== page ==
Big sunspot group 2473 cut loose a long-lasting M-class flare earlier today. The explosion produced a fast-moving bubble of plasma directed toward Earth. Plasma, a hot mix of negatively-charged electrons and positively-charged ions (atoms that have lost an electron) may look like a gas but it behaves differently enough to be considered its own state of matter, alongside the familiar solid, liquid and gas.
Unlike neutral gases, like the air we breathe, a plasma is made of electrically-charged particles that respond to electric currents and magnetic fields, fields identical to ones that make a magnet stick to your refrigerator. Plasma can also interact with itself to produce local concentrations of magnetism and electricity, but overall a cloud of plasma has no “charge”. It’s neutral.
Solar plasma is made of busted up hydrogen atoms. In a happy, neutral hydrogen atom, an electron orbits a single proton in the nucleus. But in the fiercely hot and energized environment of the sun, the atoms are torn apart into individual protons and electrons or plasma.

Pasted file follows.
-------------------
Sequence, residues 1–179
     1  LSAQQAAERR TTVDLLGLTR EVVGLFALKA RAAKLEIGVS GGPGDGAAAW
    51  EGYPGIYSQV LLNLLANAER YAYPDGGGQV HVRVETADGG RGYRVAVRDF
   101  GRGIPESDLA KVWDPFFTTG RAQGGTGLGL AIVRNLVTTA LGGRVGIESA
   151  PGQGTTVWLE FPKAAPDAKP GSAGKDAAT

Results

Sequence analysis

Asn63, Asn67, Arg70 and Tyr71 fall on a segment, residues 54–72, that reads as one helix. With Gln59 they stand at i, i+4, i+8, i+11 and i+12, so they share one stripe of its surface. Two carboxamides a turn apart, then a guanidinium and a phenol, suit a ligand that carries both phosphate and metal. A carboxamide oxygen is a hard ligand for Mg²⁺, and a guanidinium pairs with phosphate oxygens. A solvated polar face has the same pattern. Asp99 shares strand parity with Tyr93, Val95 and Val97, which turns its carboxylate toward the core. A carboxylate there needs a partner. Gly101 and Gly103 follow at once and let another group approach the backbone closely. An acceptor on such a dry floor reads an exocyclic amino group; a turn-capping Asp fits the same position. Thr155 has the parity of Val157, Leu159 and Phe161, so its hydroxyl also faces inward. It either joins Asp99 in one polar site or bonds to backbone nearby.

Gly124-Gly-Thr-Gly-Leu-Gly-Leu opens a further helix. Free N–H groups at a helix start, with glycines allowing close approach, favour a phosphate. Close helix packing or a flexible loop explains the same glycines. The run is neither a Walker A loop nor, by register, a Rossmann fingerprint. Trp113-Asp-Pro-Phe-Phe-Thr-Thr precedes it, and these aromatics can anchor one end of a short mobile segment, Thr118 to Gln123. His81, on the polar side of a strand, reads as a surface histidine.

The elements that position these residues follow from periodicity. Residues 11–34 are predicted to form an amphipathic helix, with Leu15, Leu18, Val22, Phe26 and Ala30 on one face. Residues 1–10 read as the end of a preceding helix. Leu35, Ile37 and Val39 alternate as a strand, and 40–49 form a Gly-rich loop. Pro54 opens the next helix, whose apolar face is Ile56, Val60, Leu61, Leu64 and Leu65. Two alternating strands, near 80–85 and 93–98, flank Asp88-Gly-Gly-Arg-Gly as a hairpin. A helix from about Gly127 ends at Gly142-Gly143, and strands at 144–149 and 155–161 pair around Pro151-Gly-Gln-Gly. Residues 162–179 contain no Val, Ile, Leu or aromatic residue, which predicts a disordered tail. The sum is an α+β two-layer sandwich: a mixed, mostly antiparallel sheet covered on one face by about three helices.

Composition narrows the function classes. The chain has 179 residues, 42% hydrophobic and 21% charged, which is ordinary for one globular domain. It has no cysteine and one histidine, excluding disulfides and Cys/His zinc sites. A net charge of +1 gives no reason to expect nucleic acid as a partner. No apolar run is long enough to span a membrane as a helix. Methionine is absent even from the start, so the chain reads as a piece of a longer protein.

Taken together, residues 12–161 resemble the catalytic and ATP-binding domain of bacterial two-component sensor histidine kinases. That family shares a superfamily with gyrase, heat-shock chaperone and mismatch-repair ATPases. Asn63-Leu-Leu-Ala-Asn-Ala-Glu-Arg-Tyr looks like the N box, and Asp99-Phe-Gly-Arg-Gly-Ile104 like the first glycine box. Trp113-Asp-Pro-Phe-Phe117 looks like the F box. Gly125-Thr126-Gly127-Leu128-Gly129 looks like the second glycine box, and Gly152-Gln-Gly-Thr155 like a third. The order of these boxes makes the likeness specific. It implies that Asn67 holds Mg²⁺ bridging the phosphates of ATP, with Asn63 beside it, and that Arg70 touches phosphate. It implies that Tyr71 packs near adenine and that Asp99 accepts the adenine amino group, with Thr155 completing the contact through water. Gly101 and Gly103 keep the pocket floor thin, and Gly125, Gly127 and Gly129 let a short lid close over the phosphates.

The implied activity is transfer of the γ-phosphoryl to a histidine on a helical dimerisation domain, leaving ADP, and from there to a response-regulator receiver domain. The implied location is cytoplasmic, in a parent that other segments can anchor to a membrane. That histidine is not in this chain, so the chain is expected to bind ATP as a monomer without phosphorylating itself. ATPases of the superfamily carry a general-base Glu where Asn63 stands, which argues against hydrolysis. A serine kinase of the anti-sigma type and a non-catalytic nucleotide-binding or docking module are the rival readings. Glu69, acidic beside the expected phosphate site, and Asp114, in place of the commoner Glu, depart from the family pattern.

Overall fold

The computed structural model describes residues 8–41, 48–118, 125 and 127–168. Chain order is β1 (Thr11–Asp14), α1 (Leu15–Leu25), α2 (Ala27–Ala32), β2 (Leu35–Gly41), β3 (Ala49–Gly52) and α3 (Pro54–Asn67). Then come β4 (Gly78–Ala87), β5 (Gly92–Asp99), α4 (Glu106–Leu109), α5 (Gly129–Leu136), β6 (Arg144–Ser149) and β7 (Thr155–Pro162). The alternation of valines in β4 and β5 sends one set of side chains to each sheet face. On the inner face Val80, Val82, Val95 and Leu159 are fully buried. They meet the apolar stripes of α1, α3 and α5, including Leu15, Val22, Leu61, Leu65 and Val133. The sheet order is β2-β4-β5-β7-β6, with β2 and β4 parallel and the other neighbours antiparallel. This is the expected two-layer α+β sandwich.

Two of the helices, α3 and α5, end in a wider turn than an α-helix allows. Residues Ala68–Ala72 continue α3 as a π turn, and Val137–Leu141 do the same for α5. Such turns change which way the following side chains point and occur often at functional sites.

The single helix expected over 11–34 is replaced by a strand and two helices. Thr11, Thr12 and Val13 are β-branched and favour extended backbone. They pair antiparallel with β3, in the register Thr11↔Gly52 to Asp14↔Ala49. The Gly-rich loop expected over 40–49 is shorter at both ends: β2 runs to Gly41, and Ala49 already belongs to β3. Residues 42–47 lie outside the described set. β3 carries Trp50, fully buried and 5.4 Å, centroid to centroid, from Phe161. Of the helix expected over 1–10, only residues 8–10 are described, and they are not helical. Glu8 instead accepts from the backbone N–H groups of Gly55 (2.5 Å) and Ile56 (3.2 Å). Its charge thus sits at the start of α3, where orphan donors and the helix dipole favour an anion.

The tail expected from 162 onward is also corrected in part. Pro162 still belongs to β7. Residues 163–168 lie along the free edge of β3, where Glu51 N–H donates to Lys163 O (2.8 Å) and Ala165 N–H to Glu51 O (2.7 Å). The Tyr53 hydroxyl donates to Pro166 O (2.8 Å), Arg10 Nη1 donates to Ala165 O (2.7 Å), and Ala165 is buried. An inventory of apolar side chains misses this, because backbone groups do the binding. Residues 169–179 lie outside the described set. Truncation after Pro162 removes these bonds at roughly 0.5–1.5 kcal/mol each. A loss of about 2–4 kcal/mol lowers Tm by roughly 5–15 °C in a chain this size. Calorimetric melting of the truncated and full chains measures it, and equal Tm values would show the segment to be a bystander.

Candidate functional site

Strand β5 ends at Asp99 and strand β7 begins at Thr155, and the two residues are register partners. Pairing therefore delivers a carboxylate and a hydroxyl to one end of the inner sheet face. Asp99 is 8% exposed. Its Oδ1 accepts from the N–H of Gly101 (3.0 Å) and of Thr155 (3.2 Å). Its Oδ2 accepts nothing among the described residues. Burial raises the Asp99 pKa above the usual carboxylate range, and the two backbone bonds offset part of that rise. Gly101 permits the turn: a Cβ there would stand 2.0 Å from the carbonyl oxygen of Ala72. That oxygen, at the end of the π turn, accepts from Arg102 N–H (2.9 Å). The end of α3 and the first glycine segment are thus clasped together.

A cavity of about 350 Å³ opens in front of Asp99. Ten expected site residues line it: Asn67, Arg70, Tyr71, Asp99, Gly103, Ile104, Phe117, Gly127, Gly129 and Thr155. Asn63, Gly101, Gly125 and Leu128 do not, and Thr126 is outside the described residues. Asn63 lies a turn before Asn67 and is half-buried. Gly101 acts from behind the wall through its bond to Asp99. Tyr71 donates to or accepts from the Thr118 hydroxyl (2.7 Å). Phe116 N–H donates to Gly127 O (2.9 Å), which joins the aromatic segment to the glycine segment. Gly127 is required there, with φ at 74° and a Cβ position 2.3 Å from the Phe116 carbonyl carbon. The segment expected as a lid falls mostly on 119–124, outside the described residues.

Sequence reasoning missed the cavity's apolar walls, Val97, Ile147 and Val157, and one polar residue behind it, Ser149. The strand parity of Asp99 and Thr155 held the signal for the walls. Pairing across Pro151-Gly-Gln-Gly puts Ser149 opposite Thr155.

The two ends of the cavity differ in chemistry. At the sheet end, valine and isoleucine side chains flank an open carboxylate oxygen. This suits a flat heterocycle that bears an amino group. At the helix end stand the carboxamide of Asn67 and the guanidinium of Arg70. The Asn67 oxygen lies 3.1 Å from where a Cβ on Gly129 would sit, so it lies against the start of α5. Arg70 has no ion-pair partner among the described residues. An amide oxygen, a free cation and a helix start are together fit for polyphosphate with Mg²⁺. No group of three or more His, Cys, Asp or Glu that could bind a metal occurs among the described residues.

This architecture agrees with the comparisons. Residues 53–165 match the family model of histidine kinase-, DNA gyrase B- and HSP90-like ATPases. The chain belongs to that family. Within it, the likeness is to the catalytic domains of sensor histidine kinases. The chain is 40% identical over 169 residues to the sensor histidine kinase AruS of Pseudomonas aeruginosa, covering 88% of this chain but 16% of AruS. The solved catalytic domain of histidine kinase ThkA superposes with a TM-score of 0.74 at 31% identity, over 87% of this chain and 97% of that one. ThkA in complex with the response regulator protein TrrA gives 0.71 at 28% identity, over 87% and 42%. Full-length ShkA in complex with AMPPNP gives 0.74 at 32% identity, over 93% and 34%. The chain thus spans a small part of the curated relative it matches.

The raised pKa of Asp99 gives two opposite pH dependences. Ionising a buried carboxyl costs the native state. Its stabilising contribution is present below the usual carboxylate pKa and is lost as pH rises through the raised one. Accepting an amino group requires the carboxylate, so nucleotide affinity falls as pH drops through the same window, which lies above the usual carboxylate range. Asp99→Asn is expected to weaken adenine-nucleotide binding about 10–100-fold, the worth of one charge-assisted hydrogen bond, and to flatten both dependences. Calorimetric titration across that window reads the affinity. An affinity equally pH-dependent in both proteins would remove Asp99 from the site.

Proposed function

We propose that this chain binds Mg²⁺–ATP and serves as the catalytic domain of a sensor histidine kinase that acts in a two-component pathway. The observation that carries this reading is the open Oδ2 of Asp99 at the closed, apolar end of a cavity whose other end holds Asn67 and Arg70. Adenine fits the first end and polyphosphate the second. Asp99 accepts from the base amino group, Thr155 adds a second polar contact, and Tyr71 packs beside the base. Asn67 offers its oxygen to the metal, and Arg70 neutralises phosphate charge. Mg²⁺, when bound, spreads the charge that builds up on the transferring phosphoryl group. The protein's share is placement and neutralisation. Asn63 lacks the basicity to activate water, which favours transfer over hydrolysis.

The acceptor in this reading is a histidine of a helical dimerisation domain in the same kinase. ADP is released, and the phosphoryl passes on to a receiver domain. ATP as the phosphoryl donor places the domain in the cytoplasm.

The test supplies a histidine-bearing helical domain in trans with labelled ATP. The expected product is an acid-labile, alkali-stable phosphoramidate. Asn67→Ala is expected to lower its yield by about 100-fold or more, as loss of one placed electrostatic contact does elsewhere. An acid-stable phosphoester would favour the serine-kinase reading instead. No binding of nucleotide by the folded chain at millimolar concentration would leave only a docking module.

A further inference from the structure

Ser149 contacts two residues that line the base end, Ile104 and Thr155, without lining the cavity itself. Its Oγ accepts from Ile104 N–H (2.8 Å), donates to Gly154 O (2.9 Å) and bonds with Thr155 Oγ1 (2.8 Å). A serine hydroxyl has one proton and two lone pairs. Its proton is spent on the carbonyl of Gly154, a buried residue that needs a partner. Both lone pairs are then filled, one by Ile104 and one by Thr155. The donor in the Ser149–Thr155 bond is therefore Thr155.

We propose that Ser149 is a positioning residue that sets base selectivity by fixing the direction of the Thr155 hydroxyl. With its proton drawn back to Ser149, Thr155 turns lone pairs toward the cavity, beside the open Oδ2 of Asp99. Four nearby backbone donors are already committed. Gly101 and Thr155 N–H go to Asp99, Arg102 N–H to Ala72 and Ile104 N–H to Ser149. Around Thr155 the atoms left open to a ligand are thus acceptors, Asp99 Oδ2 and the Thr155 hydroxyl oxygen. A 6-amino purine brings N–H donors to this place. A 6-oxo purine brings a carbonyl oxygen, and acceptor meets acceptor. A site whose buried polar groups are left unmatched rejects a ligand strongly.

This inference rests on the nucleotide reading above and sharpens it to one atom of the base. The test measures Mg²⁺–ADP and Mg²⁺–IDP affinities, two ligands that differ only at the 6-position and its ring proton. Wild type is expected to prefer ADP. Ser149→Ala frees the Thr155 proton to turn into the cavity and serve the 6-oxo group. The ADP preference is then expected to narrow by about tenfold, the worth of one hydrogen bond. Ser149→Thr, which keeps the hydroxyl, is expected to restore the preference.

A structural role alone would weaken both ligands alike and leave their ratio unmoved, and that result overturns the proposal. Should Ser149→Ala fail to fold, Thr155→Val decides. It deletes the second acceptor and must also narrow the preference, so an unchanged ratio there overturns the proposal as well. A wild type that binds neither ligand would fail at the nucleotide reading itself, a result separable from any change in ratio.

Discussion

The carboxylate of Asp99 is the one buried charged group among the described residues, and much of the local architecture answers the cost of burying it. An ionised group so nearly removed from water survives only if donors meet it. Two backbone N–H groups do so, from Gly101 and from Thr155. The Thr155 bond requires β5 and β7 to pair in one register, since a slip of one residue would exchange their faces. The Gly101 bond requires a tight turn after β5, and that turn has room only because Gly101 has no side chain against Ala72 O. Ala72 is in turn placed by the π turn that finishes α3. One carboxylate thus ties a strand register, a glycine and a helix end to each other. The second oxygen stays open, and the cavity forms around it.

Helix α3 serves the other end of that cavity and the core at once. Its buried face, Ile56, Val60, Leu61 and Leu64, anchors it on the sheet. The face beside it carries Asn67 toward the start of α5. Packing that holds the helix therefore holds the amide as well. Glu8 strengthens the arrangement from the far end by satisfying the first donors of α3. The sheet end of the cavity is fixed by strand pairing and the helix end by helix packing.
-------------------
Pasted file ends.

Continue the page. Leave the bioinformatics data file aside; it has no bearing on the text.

When a CME arrives at Earth, as this one is forecast to sometime on New Year’s Eve, there’s a fair chance it will make electrical and magnetic connections with our planet’s own magnetic field. Particles within the plasma can then be accelerated down the Earth’s field lines, which resemble Einstein’s hair, and into the polar regions. High in atmosphere, anywhere from about 60 to 300 miles up, the fast-moving particles strike oxygen atoms and nitrogen molecules, pumping up their energies. When the atoms and molecules “settle back down” they release that energy as spitballs of red, green and blue colored light called photons.
Can you guess how much of the observable universe is plasma vs. solid, liquid and gas? How about 99%! That may surprise you, but look up at the sky the next clear night. All those stars you see and all the gas snaking between the stars you don’t see — plasma. Every time you feel the sunshine on your face, you can thank the 4th state of matter.
But back to our big sunspot group. It’s a complicated magnetic mess, so more flares are expected. There’s also a large coronal hole kicking out some high speed plasma of its own. No moon will mar the sky later this week, so keep watch for northern lights. I’ll update if things look good.